Below is the opening address by EI General Secretary, Fred van Leeuwen, at the High Level Seminar on the impact of the economic crisis on education in central and eastern Europe in Warsaw from 2-4 September 2009.
Colleagues, One year ago a financial hurricane swept the planet. And the countries of Central and Eastern Europe found themselves at the centre of the storm. The global hurricane has calmed over the recent summer, but it is only now that we are seeing the full extent of the damage. And nowhere at this time is the damage more apparent than in Central and Eastern Europe and Central Asia. That is why EI has decided to convene this high level meeting of union leaders on the impact of the economic crisis on education in these countries. The first question we can ask is: Why these countries? Why were the countries of the former Soviet Union and the former Warsaw pact so badly affected? The answer to this question is closely linked with the origins of the crisis. For nearly 3 decades there had been a global consensus in favor of de-regulation of the private sector and downgrading of the public sector. The rise of this policy – or should I say this ideology – often described as “neo-liberal”, accelerated with the fall of the Berlin Wall and the end of the Soviet Union and centrally planned economies across Eastern Europe. As you know, once freed from the heavy hand of central planning, the countries of this region moved swiftly to embrace the philosophy of the free-market. Regulation, any form of regulation, had a bad name. There was a strong urge to promote economic growth as quickly as possible, to catch up with the West.. The Role of International Financial Institutions Today, as our EI staff paper points out, 14 out of 28 countries in the region have turned to the global fire-brigade – the IMF – for help – to the tune of 57 billion Euros. The European Union is expanding its lending facilities for EU member states to 50 billion Euros. The World Bank is tripling its lending to the region. Global and European Institutions do recognize that this, the worst crisis to hit the region since the Second World War, contains the threat not only of financial chaos but also of social and political instability. But the support of these institutions comes at a price. You have seen that IMF conditionalities are being imposed on these 14 countries, just as they were imposed in the past on the countries of Africa, Asia and Latin America. As we have pointed out repeatedly, there is an enormous contradiction between the calls of the IMF leadership for stimulus through the public sector, and the budget ceilings, including public sector wage ceilings imposed on countries through IMF conditions. So today, our unions in the region face a two-pronged challenge. On the one hand we have to confront the impact on our schools and our teachers and our support staff of this bust in national economies. On the other hand, we have to confront the negative impact on public services, including education, of the conditions imposed by the institutions called in to rescue the economies. The issues underlying this double challenge are set out in some detail in the working paper prepared for this conference: Education: the cost of the crisis. I’d like to compliment our young researchers for their excellent work in putting this paper together. The concrete examples are alarming. Many of you are experiencing these events directly and can give first-hand accounts. A strategy – ideas and actions Colleagues, we are holding this crisis meeting of leaders here in Warsaw not only to share and record the impact of the crisis on our schools and our members, but also, to pursue a strategy of action. That action must combine all the forces we have at our disposal. We must link together our global strategy, our work across the European region, and your national action. Indeed, there must not be a single unbroken thread from the global to the local. To succeed, we must combine ideas with actions at each of these levels. For we do have the arguments, powerful arguments, for investment in education as the key to sustainable recovery. We must put these arguments across at all levels – as EI is doing with the global institutions, as ETUCE is doing at the EU, as each national union is doing with their political leaders and the public. Then we must combine this work of analysis, and research and arguments - the ideas – with actions, with mobilization. Trade union economists have shown that the imbalance between the bargaining power and incomes of employers and employees was partly a cause of the crisis. Wherever collective bargaining was weakened, purchasing power dropped, leading to employees being financed by debts. In general terms, the best hope for sustainable recovery is a restoration of purchasing power to working families. That requires real bargaining power for wage and salary earners. The application of ILO’s international labour standards – the right to collective bargaining and the right to form independent trade unions – is part of the solution. From the perspective of education, the reality is that many of our schools and universities have been hit, especially in this region. The EI Officers and Executive Board have monitored closely the evolution of the crisis, consulting widely with affiliates as we are doing at this seminar. At the full Board meeting in March we came to the conclusion we have to give a clear message that education is part of the solution, that education is not a consumption item but an investment, and that investment in education is the key to each nation’s future. This also means investing in teachers and support staff. We need to hire, not fire. Colleagues, we have a very strong case to put for investment in education and training. This is the time for our nations to build up their Vocational Education and Training. As our global union colleagues have put it: “In a downturn, it’s time to upskill”. We must re-assert that investment in the primary and secondary years of schooling is investment in the next generation – in every nations’ future. We can affirm with confidence that investment in Early Childhood Education will pay off by giving all children an equitable start and enabling women to return to the workforce. We must also emphasize the need for renewed public investment in our higher education institutions. There is also a more profound message to be conveyed, especially in the countries of this region. It is a message about VALUES. The values of public education are essentially the values that underpin democracy as well as our prosperity. They encompass the principles of equity and equal opportunities, of non-discrimination and social justice. They embrace collective responsibility as well as individual liberty, solidarity as well as opportunity. Their foundation is respect for fundamental human rights. This is the ethos that must drive our action forward. Mobilize So I turn to our action. Colleagues, we know how to mobilize. Education unions can be very effective. The challenge is for us to mobilize in such a way that we will maximize our impact on political decision. To achieve that in today’s global economy, we have to link our global action with our national and local action. We do that in many countries in Global Action Week for Education for All. We do it on World Teachers’ Day, the 5th of October. Now we have to ratchet up our level of mobilization, not on one day, but on every day. EI is playing its part at the IMF and the World Bank, at the ILO and UNESCO. ETUCE is playing its part at the European Union. Another sign of the times – national leaders are meeting together more than ever before in history. When the G8 leaders met in Italy in July, they were joined by 20 other Heads of Governments and 10 Heads of International Organizations. Their communiqué reiterated EI’s twin messages: “Investing in education and skills developments is crucial for sustainable recovery”, and “We affirm the right to education for all”. That did not happen by accident. It happened because of strong work together with our Global Union and Global Campaign for Education partners. These are important coalitions we need to get results. We have to get these commitments applied at the national level. That is where you – the national leaders – come in. The coherence between our global action and our national action is critical. And it must be a two-way process. EI’s action is your action. EI is you, the member organizations. Together we must march forward despite the difficulties and the problems that this crisis has brought about. We march with:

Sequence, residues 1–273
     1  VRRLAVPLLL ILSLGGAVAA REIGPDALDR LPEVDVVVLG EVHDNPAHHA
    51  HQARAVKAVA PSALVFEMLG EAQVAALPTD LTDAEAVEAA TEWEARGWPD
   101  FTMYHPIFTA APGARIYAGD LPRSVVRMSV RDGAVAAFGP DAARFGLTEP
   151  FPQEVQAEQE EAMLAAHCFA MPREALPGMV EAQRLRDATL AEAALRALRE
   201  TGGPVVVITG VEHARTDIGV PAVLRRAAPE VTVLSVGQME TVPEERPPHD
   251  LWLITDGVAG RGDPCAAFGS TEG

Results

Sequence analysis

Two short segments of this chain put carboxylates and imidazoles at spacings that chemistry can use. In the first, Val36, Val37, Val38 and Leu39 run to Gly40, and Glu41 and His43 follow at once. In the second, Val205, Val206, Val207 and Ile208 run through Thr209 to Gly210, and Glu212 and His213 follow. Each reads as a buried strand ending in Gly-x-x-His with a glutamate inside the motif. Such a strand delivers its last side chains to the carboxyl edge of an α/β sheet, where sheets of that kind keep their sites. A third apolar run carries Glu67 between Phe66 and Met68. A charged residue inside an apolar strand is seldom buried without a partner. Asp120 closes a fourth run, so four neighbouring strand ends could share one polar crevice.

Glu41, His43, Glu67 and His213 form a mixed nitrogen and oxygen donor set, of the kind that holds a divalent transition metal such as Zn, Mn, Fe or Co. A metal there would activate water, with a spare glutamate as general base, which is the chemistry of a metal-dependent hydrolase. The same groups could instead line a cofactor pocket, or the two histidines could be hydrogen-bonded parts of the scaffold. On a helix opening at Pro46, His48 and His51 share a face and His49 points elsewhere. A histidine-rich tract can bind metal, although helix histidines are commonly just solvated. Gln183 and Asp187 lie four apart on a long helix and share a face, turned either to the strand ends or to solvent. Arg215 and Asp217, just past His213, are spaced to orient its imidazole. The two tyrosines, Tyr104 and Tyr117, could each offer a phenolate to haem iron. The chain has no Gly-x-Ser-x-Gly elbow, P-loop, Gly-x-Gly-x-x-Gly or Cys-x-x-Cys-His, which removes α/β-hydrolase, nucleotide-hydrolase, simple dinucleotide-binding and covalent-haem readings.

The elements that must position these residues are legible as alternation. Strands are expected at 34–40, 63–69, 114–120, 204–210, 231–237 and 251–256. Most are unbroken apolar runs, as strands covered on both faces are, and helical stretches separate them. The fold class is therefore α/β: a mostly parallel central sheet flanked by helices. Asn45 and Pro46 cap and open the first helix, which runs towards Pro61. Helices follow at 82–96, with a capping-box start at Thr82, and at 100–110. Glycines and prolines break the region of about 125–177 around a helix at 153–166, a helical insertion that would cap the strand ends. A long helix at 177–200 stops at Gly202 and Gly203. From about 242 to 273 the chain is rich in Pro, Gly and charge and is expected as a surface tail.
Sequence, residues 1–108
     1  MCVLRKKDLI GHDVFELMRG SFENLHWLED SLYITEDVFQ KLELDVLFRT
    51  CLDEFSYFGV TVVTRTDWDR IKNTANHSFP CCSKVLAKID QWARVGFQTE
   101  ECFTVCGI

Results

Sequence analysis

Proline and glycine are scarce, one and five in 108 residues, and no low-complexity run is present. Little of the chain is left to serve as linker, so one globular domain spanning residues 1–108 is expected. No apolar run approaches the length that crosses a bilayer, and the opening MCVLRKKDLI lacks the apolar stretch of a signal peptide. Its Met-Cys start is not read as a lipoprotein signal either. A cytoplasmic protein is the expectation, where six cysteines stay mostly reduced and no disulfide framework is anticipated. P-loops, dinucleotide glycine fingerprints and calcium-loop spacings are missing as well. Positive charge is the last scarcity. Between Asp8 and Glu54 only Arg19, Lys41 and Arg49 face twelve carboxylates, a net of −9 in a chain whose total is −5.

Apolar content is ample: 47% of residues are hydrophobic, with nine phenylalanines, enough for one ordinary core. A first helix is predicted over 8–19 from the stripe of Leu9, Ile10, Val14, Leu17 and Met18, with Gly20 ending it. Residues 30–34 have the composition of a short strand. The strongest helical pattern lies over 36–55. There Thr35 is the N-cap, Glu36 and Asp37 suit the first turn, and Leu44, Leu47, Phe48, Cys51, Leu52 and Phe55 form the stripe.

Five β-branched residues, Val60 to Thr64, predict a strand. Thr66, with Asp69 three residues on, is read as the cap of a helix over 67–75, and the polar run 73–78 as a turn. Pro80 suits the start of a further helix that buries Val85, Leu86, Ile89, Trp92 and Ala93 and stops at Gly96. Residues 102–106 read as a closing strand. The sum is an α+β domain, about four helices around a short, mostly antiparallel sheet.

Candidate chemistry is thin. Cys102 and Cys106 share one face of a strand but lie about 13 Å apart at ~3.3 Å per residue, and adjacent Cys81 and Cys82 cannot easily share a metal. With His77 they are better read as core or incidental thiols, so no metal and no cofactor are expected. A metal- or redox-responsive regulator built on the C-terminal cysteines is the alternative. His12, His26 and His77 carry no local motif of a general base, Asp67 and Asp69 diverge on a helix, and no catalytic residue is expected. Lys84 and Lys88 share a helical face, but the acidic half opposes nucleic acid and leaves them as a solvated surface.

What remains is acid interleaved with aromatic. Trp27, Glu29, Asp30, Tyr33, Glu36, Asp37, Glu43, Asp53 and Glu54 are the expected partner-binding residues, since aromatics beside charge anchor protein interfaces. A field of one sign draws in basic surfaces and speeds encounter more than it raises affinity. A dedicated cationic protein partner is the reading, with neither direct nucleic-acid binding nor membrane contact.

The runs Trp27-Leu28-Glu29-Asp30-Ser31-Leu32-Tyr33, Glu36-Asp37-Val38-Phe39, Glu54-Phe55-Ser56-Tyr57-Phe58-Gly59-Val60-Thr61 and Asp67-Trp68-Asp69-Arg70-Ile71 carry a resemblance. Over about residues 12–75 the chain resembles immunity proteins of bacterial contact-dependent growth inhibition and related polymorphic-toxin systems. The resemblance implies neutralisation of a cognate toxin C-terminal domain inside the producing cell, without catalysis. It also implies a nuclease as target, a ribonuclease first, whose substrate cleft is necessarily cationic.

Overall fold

- A clear vision for education and society
- Powerful arguments for investing in people
- A capacity to mobilize globally, regionally, nationally and locally, and
- A strategy of proposition for the well-being of our communities and nations.
Who better to take up this challenge than educators? And who more able to exert leadership than trade unionists like you? Our challenge, brothers and sisters, is to exert that capacity to act, and to provide leadership, not just for ourselves, but for all of the communities in which we live and work. Thank you